as published in the Blytheville Courier News on Wednesday, August 12, 2015
By TOM HENRY
Greek philosopher Aristotle taught that “Nature abhors a vacuum”. That is not only true in the physical world, but it is particularly true when it comes to power, trade and communities.
Imagine, for example, what happens at your place of employment when the manager gets fired. Immediately people begin to position and politic for the job. Some even begin to sabotage those they believe stand in their way of getting to become “boss”. Territory, turf and power begins to be jockeyed for until someone has enough “clout” or “street cred” to be the frontrunner. None of this power will ever be voluntarily given back. Many times, when the new “boss” has emerged, all other rivals are eliminated to neutralize their threat.
This is what happens in corporate America, in the Mafia, in organized crime and in the ‘hood. So too will it happen after Blynd Justus. Despite any short term peaceful lull that we may experience, we’ll eventually begin to see bloody power struggles until the vacuum is filled or change is demanded.
Beginning well before sunrise Tuesday morning, the City of Blytheville and parts of Mississippi County felt 574 law enforcement officers, most from other jurisdictions and states, create more than fifty different vacuums in our community. Perhaps some were on your block. While not all arrests created big vacuums, some certainly did. The question now remains, who or what is going to fill those vacuums?
Are we simply going to allow new drug dealers to take their place or will we bring a massive reduction to the illegal drug trade in Mississippi County? Are we going to cry out and demand an end to our accepting the drug, thug and blood culture as the unchangeable, normal, acceptable way of life here? Are we going to continue to turn a blind eye to crime, violence and social deviancy and continue to share the blood guilt of that lifestyle or are we going to transform this community into a safe, prosperous, healthy place for all families to live?
“There is no more neutrality in the world. You either have to be part of the solution, or you’re going to be part of the problem,” said the controversial Arkansas born former Black Panther Leroy Eldridge Cleaver. I am not wishing to draw attention to the man, but we certainly need to look at his quote. No one from Mississippi County can any longer claim neutrality in these matters, we must all decide today if we are individually going to be part of the solution or part of the problem. There can be no more “staying out of it”.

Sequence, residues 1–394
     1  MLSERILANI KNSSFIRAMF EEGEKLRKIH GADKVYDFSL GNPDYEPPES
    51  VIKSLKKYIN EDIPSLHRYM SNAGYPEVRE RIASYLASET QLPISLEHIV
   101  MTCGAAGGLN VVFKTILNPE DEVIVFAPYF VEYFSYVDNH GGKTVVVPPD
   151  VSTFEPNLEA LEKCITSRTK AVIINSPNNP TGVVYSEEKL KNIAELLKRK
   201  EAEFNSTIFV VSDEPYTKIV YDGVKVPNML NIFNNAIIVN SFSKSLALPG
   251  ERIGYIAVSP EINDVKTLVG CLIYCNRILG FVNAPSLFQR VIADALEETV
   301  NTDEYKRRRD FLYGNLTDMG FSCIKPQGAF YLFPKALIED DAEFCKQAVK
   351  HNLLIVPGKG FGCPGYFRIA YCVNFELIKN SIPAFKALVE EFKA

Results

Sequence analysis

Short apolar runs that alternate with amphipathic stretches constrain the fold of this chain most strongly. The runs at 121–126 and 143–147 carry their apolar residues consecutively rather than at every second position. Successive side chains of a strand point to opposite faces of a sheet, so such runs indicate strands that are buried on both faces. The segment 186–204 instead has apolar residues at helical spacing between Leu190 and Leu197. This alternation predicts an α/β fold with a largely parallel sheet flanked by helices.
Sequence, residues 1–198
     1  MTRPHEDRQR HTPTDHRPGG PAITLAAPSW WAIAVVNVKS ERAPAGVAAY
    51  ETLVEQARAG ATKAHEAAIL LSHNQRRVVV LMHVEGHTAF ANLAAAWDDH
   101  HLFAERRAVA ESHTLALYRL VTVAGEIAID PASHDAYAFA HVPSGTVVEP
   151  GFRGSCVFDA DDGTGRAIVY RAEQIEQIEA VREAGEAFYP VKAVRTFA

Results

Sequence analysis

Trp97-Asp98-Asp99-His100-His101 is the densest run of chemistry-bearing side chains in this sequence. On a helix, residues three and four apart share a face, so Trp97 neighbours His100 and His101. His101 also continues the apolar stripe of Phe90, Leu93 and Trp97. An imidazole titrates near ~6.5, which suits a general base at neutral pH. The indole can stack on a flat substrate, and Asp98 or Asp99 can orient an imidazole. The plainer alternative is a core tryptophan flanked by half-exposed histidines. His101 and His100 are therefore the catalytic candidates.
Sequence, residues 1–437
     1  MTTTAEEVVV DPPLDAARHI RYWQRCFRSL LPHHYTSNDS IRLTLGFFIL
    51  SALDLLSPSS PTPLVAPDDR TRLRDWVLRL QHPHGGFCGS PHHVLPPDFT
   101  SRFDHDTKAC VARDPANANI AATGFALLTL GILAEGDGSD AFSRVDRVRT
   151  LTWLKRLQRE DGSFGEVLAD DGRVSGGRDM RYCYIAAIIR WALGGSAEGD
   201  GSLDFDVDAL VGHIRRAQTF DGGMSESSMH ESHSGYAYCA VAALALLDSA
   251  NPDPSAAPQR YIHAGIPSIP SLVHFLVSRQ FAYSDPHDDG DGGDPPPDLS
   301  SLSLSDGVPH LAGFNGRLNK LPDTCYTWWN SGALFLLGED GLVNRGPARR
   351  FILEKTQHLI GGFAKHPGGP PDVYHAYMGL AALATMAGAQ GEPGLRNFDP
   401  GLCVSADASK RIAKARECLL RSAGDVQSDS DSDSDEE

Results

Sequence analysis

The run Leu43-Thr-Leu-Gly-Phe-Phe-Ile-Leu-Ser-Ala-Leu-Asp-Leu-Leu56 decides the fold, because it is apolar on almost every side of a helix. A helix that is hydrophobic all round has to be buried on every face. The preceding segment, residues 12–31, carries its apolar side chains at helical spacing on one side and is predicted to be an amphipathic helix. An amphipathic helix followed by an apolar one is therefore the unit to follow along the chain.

While I applaud and am truly grateful to all those brave men and women from out of town that came to “help us clean up our backyards” and that have pledged to continue working with us “until every weed has been pulled up”, it is ultimately OUR job to finish the rehabilitation and to maintain a clean backyard.
What people value always increases in their lives and what people reject flees from them. We will have what it is that we expect and demand to see. It is time we value life, law and order and reject violence, drugs and fear. How many times have each of us heard comments like “Well, only in Blytheville” or “You know how Blytheville is”. What we must do is change that dynamic, change the paradigm and fill that vacuum.
Hope is not just a political buzzword so deliberately vague as to be used to confuse the masses and win elections. Hope is the belief that good things are going to happen. The fifty plus persons arrested Tuesday were truly the “worst of the worst”. They were alleged drug or gun dealers, nearly all previously convicted for violent crimes such as rape, murder, kidnapping, battery, aggravated assault, etcetera. With that much evil plucked out of our backyard, how can we not have hope that things will improve? Fear is on the decline and hope is rising.
The vacuum that has been created WILL be filled by something, but the question is what. Let’s purposefully fill that vacuum with hope in our future, faith, charity, personal and community improvement, investment in our futures, kindness and a renewed community standard of behavior. These changes do not apply only to the house down the block, it means for MY house and for YOUR house. If we don’t, then we’ll just be trading one gang for another gang and one evil “boss” for another evil “boss”.